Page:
“My favorite part of Learn is the community and the instructors. The instructors and staff have helped me in more ways than I could have ever imagined. And even though it’s likely you will never meet them and/or other students in your cohort (though there are several meetups in big cities), everyone is extremely supportive of each other and no one feels like a stranger to me.” – Shana Moore (Online Web Developer Program alum; Software Engineer at Verve Mobile)
“It’s really cool to figure something out and then almost immediately be able to apply that knowledge in helping someone else through the ‘Ask A Question’ feature.” – Gabe Jackson
“There were instructors available for online chat/help if you needed them. If you needed someone to bounce ideas off or guide you to the answer without giving it away, there were mentors there for that. We also had a Slack community for Flatiron School, where we’d all keep each other updated and encourage each other. Although you’re on your own, you never feel isolated – there are always instructors available, it’s easy to start study groups with fellow students, and there are live lectures you can join about three times a week.” – Danny Dawson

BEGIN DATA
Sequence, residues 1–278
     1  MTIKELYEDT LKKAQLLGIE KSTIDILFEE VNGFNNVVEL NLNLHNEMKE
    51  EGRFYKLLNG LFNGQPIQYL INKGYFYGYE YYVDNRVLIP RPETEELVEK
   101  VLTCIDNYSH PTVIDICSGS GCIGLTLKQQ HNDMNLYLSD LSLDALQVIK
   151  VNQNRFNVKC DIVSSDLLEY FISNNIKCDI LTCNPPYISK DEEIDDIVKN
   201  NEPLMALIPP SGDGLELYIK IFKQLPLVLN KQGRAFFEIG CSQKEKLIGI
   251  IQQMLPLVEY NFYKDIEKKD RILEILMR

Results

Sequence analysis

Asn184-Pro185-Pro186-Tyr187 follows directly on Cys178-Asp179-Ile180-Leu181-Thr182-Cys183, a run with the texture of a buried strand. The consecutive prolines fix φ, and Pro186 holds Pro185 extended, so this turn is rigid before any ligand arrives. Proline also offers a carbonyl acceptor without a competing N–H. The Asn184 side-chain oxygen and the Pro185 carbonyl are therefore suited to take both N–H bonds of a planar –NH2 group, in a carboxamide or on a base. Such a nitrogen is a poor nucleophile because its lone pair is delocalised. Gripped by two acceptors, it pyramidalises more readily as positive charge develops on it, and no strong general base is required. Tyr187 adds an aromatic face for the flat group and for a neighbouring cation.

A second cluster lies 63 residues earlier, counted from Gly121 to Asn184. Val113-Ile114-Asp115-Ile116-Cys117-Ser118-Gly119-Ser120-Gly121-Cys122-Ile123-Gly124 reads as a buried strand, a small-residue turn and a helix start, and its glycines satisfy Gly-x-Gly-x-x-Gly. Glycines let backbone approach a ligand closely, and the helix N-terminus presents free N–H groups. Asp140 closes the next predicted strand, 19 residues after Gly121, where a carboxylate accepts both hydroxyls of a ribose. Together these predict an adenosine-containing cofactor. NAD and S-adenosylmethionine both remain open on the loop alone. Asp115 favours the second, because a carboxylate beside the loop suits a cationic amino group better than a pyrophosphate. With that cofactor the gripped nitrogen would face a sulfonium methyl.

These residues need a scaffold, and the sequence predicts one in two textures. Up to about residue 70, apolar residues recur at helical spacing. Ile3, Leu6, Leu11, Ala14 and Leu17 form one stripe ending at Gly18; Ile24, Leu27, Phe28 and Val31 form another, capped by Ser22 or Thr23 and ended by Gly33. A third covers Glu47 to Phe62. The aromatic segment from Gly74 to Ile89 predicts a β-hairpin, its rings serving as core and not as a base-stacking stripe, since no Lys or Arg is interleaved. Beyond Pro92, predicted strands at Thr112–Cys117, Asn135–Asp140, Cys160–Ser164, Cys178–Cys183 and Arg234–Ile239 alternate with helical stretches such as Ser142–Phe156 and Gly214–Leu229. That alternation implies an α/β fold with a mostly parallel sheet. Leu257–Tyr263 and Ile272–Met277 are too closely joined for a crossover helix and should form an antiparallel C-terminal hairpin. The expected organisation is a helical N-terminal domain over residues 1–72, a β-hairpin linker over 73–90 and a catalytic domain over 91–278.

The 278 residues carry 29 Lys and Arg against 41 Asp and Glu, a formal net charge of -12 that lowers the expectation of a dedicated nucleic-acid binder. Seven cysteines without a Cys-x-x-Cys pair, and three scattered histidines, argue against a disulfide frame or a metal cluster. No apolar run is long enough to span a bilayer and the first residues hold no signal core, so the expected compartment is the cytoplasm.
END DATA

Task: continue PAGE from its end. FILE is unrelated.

“The online community on Learn.co is incredible. Avi was present throughout the entire course. He gave lectures multiple times a week and knew everyone by name. I really felt like he was personally invested in my growth as a programmer. The platform’s structure also allows you to identify the other students who are at the same place in the curriculum as you. You’re therefore able to ask other students questions if you’re stuck. Some of us even started virtual study groups together.” – Brett Heenan
“I also really enjoyed the community of people on Learn. It was great getting to chat with other people who were also learning how to code about how to approach various problems.” – Tucker Bohman
Interested in trying our online learning platform for yourself? Get started with our new Bootcamp Prep course today.
Disclaimer: The information in this blog is current as of 2 November 2016. Current policies, offerings, procedures, and programs may differ. For up-to-date information visit FlatironSchool.com.
Posted by Flatiron School / November 2, 2016